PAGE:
Monthly Archives: May 2018

saddle woes and the revelation that I have a big butt

My comfort while riding the bike has improved since I started thanks to Chamois Buttr and high-end bib shorts.  Still, at the end of a typical ride, my butt hurts more than my legs, and this just seems wrong to me.  Shouldn’t my legs be the limiting factor?  I decided to try upgrading my seat might help me, and without getting too explicit, I thought a seat with a channel down the middle could be the ticket.  I ended up getting this seat:

This is a Selle Italia SLR Lady Flow saddle.  I found it massively on discount from the list price of $200 from some sketchy internet site, 60% off or so, and ordered it.  (Coincidentally, or not, I had $6000 in charges on my credit card rung out a few days later and had to cancel it.)  It came in two sizes, small and large, and I decided to go for small.  I mean, I don’t have a bit butt, right?  I decided to test drive it on my planned 44 mile cycle this weekend.  What could possibly go wrong, I ask you?

About 10 miles in, I noticed the soft tissue discomfort I have been dealing with for the last year or so was completely absent.  No discomfort, pain, nothing.  Perfection!  Unfortunately, this had been replaced by increasing levels of discomfort on my sit bones.  At 18 miles, I texted H and told him he might have to come and pick me up.  At 28 miles, I told him I was still surviving but only just.  Basically, it was torture, and it was just got more and more painful.  After a certain point, I just couldn’t handle the pressure on my sit bones anymore, and was sliding forward and back on the saddle, bearing pressure on other places just not really meant to bear pressure, and I got some nasty chafing.  I’m still in a significant amount of discomfort today.  I guess I am stubborn, because I refused to stop, and finished out the whole ride, with only a small “short cut” that cut a couple miles off at the end.  Said shortcut is a route that I normally avoid like the plague because it features a massive hill.  I’d in fact never ridden up it before, but I was in so much pain, i said screw it, and 40 miles in, up I went: only 0.4 miles, but 8% average grade, peak grade 17%.  At one point, I was going back and forth like it was a ski slope, trying to reduce the effective grade.  It was BRUTAL.  But worth it.

Anyway, I’m not really sure where to go with the bike seat thing at this point.  I measured the location of my sit bones.  (I really could have lived my entire life without measuring this.)  Turns out, I have an above average size rear for a female (and women are wider-arsed than men.  Who knew?  I always thought I had a small butt, but I guess not.  In some ways it makes sense.  My labors probably wouldn’t have been as “easy” if I were truly narrow-hipped.  Anyway, I’ve re-ordered the saddle from the sketchy website in the large size, and I’m waiting to see if this new credit card will be ripped as well.   I also ordered a couple of other saddles.  I’ll sell or return all but one, and hopefully I can find one that will work for me.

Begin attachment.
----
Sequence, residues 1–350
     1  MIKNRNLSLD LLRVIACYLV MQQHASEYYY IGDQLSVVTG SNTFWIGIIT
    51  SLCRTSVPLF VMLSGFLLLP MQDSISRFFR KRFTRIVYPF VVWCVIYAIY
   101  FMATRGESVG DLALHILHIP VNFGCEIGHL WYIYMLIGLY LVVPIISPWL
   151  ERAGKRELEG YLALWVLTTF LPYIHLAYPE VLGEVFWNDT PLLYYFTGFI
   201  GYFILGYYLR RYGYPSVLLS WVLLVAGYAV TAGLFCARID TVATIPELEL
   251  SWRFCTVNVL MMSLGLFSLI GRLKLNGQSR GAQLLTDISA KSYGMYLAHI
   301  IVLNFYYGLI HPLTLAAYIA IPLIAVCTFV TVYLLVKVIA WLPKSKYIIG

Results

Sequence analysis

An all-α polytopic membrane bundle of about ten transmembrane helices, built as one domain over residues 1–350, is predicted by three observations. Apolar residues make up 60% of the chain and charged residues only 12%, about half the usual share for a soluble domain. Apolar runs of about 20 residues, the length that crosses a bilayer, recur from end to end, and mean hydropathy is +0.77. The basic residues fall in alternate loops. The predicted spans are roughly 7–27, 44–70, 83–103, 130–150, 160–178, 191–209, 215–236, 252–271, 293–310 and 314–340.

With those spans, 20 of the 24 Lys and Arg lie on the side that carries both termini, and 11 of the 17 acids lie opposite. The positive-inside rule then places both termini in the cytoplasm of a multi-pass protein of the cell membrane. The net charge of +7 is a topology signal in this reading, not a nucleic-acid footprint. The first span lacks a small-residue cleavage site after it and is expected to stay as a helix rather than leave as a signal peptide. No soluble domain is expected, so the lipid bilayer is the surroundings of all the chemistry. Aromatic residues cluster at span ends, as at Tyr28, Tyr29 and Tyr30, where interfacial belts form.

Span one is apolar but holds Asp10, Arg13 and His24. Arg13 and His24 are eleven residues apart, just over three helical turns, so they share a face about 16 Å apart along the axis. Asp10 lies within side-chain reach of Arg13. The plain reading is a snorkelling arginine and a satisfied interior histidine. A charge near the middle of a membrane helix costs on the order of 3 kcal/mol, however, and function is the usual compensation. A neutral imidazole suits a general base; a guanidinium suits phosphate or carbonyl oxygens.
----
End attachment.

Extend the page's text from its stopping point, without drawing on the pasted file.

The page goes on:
This weekend’s ride:

42 miles, 2100 feet of elevation gain.  It’s definitely my hardest ride since last summer.  I went slower thanks to the saddle issue, but I still think I got a good workout.  Now let’s hope I can get this sorted and be back on the bike next weekend.   I had been hoping to do 45+ next weekend, but now I’m thinking I’ll repeat this ride.  I still have to spend a lot of time consulting directions on this route.


et tu, morgan?

Morgan Freeman, too, really?  Are there any men in Hollywood over the age of 35 who aren’t misogynists and/or harrassers?

What I find fascinating in all this is how all these men, or at least the ones you hear about in the news, have a pattern.  Consider this from WaPo:

In the report, published by CNN, several women — including production assistants, office workers and journalists — said that Mr. Freeman had engaged in inappropriate behavior, ranging from unwanted touching to suggestive comments that made them feel uncomfortable.

The thing is, unwanted touching and suggestive comments are bad, but if a man were to make on inappropriate suggestive comment in his career, is that forgivable?  I would say almost certainly yes.  People are allowed a mistake.  But in terms of the men you hear about, it’s never an isolated incident.  It just goes on and on and typically impacts MANY women they work with.  It’s like they’re either unable or unwilling to control themselves.  I’m sure they justify it in their heads, somehow.

Of course, unpleasant as it must have been for the women impacted by Freeman’s actions, it sounds like what he’s done is very mild in comparison to men who routinely engaged in sexual assault.  But the pattern is the same.  Some men feel entitled to behave in a certain way towards women, and oblivious to societal standards and rules, they just happily continue.  Freeman is 80, so it’s possible he grew up in a time when society not only permitted him to behave in this way, but also didn’t even consider it wrong.  But messed up as our society may be, sexual assault and rape have never been considered “OK” by the vast majority of men and women, so I’m not sure how to explain the Harvey Weinsteins of the world.

Freeman said: